Every autumn, northern cities in China have to heat themselves up in
succession to fight against plummeting temperatures.
Wednesday is Beijing's turn.
Like other residents in the capital,
the Ning family are looking forward to the warmth. "Back in 2003, we were not so
happy," said Ning Xingsheng, a computer technician who has lived in Haidian
District for more than 20 years.
A woman checks the heater's temperature yesterday at
her apartment in Haidian District in Beijing. [China Daily]
community coal-fuelled boiler supplied the heat in the Nings' residential
building three years ago and caused some problems. "It worked best in the
morning but cooled down at night," Ning recalled. "The worst thing was its heavy
And it's the burning of coal that is one of the biggest pollution problems
not only in Beijing but nationwide.
When autumn arrived, coal was piled in front of the boiler next to the Nings'
"The strong winter wind always carried the soot everywhere and made our
clothes and hair dirty," Ning said. "Our windows were often coated with the
black dust, too."
The antiquated boiler was finally removed in 2003, and the Nings' building
was connected to a central heating system fuelled by natural gas. "Now the
indoor temperature is much higher than before, and it stays steady all day,"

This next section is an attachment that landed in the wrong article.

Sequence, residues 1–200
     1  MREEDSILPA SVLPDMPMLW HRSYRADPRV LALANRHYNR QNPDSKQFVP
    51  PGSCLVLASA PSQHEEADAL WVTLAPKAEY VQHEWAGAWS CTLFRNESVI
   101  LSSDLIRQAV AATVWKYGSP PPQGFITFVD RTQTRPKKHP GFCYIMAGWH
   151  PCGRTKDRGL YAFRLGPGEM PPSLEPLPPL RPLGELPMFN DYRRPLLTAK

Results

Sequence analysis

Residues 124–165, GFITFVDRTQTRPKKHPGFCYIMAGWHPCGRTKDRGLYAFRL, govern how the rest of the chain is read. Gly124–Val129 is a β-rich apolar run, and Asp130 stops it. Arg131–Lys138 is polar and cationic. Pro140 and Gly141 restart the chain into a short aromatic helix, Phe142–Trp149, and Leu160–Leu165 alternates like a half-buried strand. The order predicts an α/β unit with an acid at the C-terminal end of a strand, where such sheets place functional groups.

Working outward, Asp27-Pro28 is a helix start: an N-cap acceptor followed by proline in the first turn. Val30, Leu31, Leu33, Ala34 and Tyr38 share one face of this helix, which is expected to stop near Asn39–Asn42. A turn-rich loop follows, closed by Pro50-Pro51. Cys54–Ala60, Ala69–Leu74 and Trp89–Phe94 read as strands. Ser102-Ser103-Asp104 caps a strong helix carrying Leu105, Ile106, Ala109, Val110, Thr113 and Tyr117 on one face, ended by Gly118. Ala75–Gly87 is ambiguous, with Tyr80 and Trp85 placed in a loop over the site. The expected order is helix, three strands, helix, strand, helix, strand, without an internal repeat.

Ning said. "More important, it's much cleaner."
The Nings' story reflects the change in Beijing's heating system since the
Even better, next year will witness a landmark achievement, as every coal
boiler and furnace in the city proper of Beijing will be powered by gas or
electrical systems by the end of 2007.
To date, more than 16,000 small city boilers in Beijing, each with a
capacity of less than 20 tons, have been transformed into gas or
The same update has been made to all the 44,000 smaller coal-fuelled
And next year, the last group of 1,300 boilers and furnaces will switch their
coal power sources to natural gas or electricity, said Cheng Ying, a senior
official with the Beijing Environmental Protection Bureau.
With these renovations completed, the city will reduce an additional annual
need for coal by 6 million tons about 12 per cent of Beijing's total annual need
in 2010, based on the municipal government's projection.
The coal reduction will cut 20,000 tons of smog and dirt and 40,000 tons of
sulphur dioxide (SO2) from Beijing's air every year, Cheng said.